Newness at FMoPA

New Visions and an interim director debut at the Florida Museum of Photographic Arts.


THE POWER OF PORTRAITURE: Polly Gaillard's "Sick Day."
  • THE POWER OF PORTRAITURE: Polly Gaillard's "Sick Day."

Call it a case of “be careful what you wish for.” Last August, Zora Carrier began volunteering at the Florida Museum of Photographic Arts in downtown Tampa. She thought it would be a good way to get to know the city as a recent transplant from Grand Rapids, Mich., where she founded and ran a nonprofit art exhibition space called Open Concept Gallery for eight years. 
Then in May, FMoPA director Jane Simon stepped down to pursue a fundraising job at a hunger-relief charity. Now Carrier, who moved to Tampa because of her husband’s job, finds herself interim director of the photography museum.

Undaunted by the suddenness of the opportunity, Carrier seems ready to lead FMoPA — if only until a permanent director is hired — as the 13-year-old organization continues to expand its programs and ambitions. (Carrier hopes to be in the running for the permanent position, too; FMoPA’s board of trustees has begun a search.) In the coming months, she will oversee the realization of previously planned exhibitions: solo shows of Ruth Bernhard, a mid-20th century photographer of female nudes who spent time in Tampa; Ezra Stoller, a renowned architectural photographer; and Gordon Parks, a celebrated documentarian of African-American life and the Civil Rights era.

Building on the exhibitions, the museum plans to offer a spectrum of educational programs and classes related to architectural photography, social justice issues and the technology behind digital photography.

“We see education as a big opportunity,” Carrier says. “Everybody is photographing on their cell phone and experimenting on their computer. A lot of people have this passion.”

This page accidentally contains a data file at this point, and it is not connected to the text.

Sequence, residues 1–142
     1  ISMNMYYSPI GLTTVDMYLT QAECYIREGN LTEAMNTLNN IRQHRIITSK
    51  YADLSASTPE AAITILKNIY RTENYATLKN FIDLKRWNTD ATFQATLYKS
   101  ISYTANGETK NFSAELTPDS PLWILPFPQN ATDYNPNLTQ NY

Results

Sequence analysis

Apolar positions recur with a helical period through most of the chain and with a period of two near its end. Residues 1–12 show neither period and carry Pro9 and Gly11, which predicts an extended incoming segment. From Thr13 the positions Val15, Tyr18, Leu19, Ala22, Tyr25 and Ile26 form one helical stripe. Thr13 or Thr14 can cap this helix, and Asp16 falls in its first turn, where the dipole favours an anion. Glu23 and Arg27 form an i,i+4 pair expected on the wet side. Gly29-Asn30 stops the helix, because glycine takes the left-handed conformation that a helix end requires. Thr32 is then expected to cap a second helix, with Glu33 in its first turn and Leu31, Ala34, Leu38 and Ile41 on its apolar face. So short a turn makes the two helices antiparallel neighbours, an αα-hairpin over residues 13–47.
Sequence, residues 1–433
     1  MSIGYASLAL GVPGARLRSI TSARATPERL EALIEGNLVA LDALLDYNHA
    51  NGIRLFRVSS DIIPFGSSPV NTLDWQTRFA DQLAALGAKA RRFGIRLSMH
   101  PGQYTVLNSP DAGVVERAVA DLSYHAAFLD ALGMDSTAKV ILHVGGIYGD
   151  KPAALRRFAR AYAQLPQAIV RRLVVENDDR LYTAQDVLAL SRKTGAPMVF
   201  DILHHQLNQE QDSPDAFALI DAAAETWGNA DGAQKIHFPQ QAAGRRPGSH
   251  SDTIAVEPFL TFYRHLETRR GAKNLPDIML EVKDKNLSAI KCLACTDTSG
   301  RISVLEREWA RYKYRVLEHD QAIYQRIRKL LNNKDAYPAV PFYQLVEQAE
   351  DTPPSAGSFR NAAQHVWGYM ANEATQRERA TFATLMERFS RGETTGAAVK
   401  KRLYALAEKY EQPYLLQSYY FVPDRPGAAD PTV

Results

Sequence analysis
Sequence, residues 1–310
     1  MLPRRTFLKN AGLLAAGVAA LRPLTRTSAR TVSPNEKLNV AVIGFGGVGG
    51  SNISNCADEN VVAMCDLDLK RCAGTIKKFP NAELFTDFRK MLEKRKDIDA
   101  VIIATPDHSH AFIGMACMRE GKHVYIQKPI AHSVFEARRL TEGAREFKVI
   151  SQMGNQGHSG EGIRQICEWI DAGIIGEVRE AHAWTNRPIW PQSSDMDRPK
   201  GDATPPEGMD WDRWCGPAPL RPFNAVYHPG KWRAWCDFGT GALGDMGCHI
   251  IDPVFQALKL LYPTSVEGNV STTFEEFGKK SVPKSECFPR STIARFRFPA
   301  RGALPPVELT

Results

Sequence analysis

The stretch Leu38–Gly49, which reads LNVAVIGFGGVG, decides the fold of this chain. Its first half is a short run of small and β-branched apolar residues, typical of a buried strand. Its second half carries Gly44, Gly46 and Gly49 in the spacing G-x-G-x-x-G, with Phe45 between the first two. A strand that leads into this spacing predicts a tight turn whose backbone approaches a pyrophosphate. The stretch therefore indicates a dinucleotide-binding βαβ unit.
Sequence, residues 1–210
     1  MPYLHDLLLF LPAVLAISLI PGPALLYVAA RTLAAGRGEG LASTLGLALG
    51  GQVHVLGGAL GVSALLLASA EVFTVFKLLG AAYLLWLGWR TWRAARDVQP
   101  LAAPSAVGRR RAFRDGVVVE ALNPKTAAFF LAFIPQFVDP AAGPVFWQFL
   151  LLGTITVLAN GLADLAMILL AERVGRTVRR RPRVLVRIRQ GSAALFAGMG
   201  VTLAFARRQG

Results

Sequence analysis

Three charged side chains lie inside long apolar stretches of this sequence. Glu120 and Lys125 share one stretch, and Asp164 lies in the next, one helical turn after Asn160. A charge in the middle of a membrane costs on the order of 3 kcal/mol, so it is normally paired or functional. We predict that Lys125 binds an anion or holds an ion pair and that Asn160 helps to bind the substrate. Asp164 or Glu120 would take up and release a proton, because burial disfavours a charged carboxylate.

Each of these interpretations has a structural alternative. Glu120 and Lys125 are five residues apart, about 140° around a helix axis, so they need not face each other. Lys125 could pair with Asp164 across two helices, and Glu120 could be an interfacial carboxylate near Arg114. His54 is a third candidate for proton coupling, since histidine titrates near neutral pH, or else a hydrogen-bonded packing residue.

Carrier’s track record at Open Concept is reassuring, even intriguing. At the Grand Rapids space, she organized exhibitions of local Michigan artists as well as internationally known sculptor Dennis Oppenheim and artists from Eastern Europe. (Carrier was born in the Czech Republic and has also organized exhibitions in Prague and Washington, D.C.) Another project entailed the high-profile display in downtown Grand Rapids of a public sculpture by Swiss artist Ugo Rondinone, which spelled out “Big Mind Sky” in rainbow letters. Carrier describes her approach as ardently community-based.

By coincidence, the title of the museum’s current temporary exhibition is New Visions. The visions are those of two photographers, California-based Polly Gaillard and Texas-based Allison Hunter. Nothing in particular unites the two bodies of work, other than their relative newness as projects produced within the past decade.

Hunter photographs animals in zoos — sheep, deer, a giraffe — and uses Photoshop to transplant them into pale pink or black color-field backgrounds, which read to the eye as ethereal or otherworldly places. Her conceptual gambit sounds good: By staging a one-on-one encounter with the animals, she invites viewers to consider how humans relate to their creature brethren. It’s an open-ended question, but one that inspires a bit of soul-searching about how animals are kept, treated or even thought of in human culture.

That said, once you’ve seen one of Hunter’s animal-color-field composites, you’ve basically seen them all. As a group of half a dozen at FMoPA, they come off as gimmicky.

Richer and more engrossing are Gaillard’s Pressure Points, a series of photographs of her daughter, made after the artist’s divorce from her husband. The images capture with quirky elegance and in vivid color the mix of absurd comedy and aching poignancy that characterizes parenthood; in them, Gaillard’s daughter (who looks to be about 7) appears alternately as a whimsical naïf and a wiser-than-her-years accomplice.

In one close-up shot, the girl reveals a fake wound made of two corn kernels adhered to her arm under a Band-Aid, which she peels away. Another finds a snack of crackers and juice poised atop the household toilet, as if awaiting the end of bath time. To these signs of childhood innocence, Gaillard adds glimpses of unnerving maturity: a portrait of her daughter’s world-weary gaze on a sick day, and a waist-down shot of the girl wearing a purple stuffed animal wrapped around her hips like a loincloth.

Despite the somber context of divorce — which is felt mostly in the absence of any other presence (i.e., that of a father) within the mother-daughter, photographer-subject circuit — the images are rarely heavy-handed. The exception is a nude portrait in which a line drawn down the middle of the child’s body divides her into “mommy” and “daddy” halves.

If just for an afternoon, Gaillard’s pictures refresh your wonder at what pointing a camera can accomplish. 

Runs through Aug. 31 at the Florida Museum of Photographic Arts, 400 N. Ashley Drive, Cube 200, Tampa, 813-221-2222,

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